Lay Off the Artisanal Ice, You Ignorant Hipsters

on 31/10/14 at 2:19 pm

Booze News

indexHere’s the cold, hard truth about those giant ice cubes in craft cocktails.

If you want to understand the latest trend in craft cocktails, you could do worse than to listen to Outkast. What’s cooler than being cool is indeed ice cold. Specifically, it’s stored at minus-2 degrees, sculpted with a Japanese band saw, and retails for $1 a cube.

Yes, artisanal ice is now a thing. In hipster meccas from Portland to Williamsburg, bars are serving up their drinks on extra-dense, extra-clear cubes, produced through a laborious process of freezing and carving. Cocktail connoisseurs swear the difference in flavor is worth the extra effort: In addition to being more aesthetically pleasing, the cubes’ density and relatively large size mean they melt more slowly and dilute your drink less. But there’s evidence that the fancy ice might not be the coolest thing ever to happen to the environment.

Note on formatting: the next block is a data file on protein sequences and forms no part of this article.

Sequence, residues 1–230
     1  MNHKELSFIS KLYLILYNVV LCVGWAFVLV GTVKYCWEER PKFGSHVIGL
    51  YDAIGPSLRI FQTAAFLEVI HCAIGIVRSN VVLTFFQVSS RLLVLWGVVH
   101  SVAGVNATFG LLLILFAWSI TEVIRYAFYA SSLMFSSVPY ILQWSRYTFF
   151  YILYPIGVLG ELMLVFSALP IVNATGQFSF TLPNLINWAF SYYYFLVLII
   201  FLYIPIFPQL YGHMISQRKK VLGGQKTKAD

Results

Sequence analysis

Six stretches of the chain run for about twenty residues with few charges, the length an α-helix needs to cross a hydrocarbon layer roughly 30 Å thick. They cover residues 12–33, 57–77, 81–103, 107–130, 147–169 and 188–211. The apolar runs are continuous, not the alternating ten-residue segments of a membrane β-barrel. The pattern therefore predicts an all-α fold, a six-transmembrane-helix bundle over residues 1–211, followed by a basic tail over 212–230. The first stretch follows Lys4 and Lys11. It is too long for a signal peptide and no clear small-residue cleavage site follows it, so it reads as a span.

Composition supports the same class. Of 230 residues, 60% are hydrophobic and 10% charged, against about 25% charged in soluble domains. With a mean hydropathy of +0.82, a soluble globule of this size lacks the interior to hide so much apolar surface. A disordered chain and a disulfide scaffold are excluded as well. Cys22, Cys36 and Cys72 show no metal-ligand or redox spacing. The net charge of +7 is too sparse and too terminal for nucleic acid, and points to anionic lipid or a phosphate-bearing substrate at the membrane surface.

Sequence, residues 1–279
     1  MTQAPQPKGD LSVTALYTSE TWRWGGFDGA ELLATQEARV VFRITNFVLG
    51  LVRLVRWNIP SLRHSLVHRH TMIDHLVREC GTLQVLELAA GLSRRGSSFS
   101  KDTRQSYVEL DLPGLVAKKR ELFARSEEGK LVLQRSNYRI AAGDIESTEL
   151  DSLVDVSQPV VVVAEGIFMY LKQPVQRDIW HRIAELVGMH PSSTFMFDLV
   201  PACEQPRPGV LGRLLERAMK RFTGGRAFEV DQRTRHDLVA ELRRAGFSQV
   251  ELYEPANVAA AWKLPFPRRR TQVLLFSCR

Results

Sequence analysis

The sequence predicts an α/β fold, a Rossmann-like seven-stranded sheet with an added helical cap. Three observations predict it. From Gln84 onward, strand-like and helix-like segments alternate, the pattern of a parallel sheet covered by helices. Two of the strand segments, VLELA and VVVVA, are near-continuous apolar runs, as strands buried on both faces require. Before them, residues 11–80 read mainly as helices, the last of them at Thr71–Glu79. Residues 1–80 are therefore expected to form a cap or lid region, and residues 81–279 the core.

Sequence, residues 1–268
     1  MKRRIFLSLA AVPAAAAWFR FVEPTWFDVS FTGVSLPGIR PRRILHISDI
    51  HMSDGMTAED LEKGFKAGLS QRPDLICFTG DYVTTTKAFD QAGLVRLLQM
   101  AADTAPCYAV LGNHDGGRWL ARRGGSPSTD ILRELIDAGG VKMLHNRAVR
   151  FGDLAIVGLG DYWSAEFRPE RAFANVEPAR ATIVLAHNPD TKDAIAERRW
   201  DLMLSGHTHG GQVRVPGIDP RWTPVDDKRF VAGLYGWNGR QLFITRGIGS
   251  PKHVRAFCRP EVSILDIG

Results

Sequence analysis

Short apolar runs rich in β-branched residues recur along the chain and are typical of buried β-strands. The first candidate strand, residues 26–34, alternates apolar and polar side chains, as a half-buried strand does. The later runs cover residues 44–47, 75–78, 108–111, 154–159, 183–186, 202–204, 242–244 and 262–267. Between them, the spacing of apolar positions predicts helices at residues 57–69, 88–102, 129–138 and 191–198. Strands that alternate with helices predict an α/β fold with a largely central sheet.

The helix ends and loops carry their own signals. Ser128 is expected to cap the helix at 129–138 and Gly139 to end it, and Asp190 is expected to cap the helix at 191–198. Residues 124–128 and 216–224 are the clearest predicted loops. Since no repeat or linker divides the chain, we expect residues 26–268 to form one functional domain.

Demand for artisanal ice grew out of the past decade’s “cocktail renaissance“—the rise of small-batch liquor producers, the rediscovery of pre-Prohibition recipes, and an increasing emphasis on fresh, homemade ingredients. The roughly two dozen establishments buying from DC-based distributor Favourite Ice include foodie destinations like Jaleo, a tapas bar, and the Capitol Hill seafood restaurant Hank’s Oyster Bar. Favourite Ice co-owner Joseph Ambrose says that since he founded the business in 2012, he’s had a steady stream of orders. “I basically haven’t slept in two years,” he laughs.

READ WHY IT’S NOT HIP